Like most times at this stage of the season, it was time for a drink, so we decided to check out what the Elrow troops were up to in the sunset terrace below whilst we downed a few hierbas chupitos and vodka-somethings. Team Elrow were doing what they do best - making a big mess - so we waded knee-deep through confetti to the bar, inflateable animals bouncing off our faces as we knocked into people bouncing to tech house, off their faces. Soon enough, the hour had arrived. Full of that retro state-of-mind, glee, I charged into the terrace in self-congratualation at being fresh (a very, very, very relative concept during closings) for the closing set of Space's entire season.

High energy from the start, Nic Fanciulli and Carl Cox opened the morning with lively, jacking house, Coxy's familiar battle cry across the mic (oh yes oh yes faaaaaantastic) as comforting as an episode of Friends on foreign TV and as energising as a thunderclap at the end of a long, hot day. We were soon to be swimming through old school classics, but first it was time to give some tunes of the season their crowning moment, like the swirling synthetic arpeggios of Frankey and Sandrino's Acamar, which had us all twiddling our fingers at the pretty lights and rolling our heads about on our shoulders in appreciation. Although it made sense in the bigger picture, most of us wailed and screeched upon the discovery that Ben Klock - a legendary techno figure rarely seen on Balearic shores - was to play at the same time as the penultimate Coxy/Fanciulli closing set, so around seven thirty we severed ourself from the terrace floor to see what holes in the space/time continuum the Klockster was smashing over in the discoteca.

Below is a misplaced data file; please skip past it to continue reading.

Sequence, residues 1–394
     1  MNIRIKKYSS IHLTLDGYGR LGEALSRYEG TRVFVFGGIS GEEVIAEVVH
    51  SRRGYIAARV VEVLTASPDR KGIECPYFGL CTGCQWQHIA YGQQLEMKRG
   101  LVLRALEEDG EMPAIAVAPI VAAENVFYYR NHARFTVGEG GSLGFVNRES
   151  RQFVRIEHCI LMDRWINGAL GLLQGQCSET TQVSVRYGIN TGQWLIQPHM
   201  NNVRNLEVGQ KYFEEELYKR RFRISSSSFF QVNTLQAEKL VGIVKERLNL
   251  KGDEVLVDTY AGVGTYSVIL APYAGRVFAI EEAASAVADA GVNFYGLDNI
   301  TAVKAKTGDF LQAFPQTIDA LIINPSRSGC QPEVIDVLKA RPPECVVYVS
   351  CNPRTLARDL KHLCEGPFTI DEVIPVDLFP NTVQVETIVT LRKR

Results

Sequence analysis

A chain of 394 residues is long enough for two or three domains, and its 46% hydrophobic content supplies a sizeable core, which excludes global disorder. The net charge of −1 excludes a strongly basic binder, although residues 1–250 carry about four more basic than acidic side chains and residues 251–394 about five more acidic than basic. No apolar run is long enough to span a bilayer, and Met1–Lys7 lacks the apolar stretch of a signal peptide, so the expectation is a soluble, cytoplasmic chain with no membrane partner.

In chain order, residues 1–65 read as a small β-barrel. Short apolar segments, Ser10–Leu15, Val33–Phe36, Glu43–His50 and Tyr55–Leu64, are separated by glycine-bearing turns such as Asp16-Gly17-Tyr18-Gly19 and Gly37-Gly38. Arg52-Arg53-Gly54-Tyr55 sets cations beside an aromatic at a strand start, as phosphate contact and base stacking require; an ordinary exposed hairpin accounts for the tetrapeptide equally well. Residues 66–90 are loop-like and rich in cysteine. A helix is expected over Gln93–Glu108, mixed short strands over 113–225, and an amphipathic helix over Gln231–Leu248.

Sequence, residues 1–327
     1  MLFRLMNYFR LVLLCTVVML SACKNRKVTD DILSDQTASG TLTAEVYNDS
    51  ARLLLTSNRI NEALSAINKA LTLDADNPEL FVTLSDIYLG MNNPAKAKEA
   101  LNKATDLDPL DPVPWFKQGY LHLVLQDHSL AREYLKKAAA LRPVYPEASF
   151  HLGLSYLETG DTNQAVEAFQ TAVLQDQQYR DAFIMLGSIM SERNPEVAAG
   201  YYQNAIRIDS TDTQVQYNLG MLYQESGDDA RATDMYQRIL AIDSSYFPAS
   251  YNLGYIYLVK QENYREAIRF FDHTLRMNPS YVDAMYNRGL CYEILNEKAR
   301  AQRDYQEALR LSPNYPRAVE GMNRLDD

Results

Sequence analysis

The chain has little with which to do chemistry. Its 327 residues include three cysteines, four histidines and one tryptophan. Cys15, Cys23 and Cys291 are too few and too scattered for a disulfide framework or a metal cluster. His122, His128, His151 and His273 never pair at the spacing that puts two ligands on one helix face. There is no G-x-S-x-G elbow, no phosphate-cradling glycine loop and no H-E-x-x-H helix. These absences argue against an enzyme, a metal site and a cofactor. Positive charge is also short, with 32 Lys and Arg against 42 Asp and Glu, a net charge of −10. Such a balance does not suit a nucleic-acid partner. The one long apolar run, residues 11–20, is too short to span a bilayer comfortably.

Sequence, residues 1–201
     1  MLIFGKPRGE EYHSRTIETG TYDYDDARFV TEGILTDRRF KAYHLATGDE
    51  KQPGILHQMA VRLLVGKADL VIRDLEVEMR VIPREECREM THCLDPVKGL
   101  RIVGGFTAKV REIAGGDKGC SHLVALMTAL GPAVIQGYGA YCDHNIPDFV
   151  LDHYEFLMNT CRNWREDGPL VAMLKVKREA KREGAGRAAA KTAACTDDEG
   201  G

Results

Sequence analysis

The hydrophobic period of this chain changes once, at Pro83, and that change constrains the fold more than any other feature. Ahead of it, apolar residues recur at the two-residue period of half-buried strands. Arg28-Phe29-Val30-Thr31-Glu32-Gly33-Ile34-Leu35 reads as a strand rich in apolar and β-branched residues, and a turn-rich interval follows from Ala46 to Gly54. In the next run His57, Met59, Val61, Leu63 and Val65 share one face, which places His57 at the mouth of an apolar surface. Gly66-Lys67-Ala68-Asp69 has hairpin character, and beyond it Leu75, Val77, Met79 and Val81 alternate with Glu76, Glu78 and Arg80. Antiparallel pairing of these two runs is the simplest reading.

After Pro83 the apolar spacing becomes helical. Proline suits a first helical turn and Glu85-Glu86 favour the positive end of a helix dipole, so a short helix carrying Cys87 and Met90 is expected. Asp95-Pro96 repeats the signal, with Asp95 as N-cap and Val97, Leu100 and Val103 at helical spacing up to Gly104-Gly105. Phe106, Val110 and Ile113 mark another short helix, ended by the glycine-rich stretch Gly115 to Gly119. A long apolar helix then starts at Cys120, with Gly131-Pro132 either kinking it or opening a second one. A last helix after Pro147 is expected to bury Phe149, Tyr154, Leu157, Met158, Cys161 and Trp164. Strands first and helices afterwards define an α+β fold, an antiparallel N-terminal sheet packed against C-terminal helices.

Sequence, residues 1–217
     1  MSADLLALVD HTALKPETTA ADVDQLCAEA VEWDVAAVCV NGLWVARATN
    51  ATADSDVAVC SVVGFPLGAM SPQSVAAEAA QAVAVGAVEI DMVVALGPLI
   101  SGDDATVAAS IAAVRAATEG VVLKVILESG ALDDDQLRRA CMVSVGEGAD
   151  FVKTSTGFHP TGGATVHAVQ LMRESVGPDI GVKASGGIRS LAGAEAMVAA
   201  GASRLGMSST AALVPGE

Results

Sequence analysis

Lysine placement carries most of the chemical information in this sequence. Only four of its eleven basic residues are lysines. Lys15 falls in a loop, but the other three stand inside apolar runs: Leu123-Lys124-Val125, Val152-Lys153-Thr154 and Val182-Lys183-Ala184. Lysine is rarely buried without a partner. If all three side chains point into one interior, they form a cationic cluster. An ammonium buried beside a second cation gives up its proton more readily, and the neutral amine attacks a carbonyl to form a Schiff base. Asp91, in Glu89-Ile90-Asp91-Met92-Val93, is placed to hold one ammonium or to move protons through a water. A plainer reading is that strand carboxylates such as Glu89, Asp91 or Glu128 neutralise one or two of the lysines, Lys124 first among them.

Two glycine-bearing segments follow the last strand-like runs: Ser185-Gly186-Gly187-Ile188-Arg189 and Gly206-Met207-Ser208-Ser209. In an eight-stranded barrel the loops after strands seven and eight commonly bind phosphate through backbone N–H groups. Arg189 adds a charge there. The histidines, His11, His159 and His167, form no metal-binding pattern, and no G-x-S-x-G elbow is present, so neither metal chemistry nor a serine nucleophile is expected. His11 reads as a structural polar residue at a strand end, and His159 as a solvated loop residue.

All the holes; all the smashing. Klock was playing mid-tempo, incredibly heavy techno which still managed to hold onto a deep and satisfying groove. I tend to crave the sunny morning sets and old school house classics these days, but it was the perfect reminder of just how good a solid techno stomp session can be, with season classic I Wanna Go Bang by Bjarki a highlight. Amidst the pounding bass and frantically dancing laser beams a friend announced she was determined to have Ben Klock play at her wedding; I found out later she had very recently thrown up in a corridor though, so let's see how that one plays out.

Back on the terrace, antics were getting wa-heeeeeird. As Bucketheads' classic The Bomb sent half the floor grooving, the other half were distracted by… pretty much anything at that point - the dance floor full of talking, laughing, costume changing, hologram-glasses appreciating and note-taking (I make my review notes the old school way, and though I always get weird looks at first, once folks grasp the retro concept of pen and paper I'm practically fighting the chumps off with a taser). As Mike Skinner would say, it was ‘all smile, all sing' as the classics continued to flow including Groove Armada's Superstylin, Oxia's Domino and the afro-acid remix of Mory Kante's Yeke Yeke.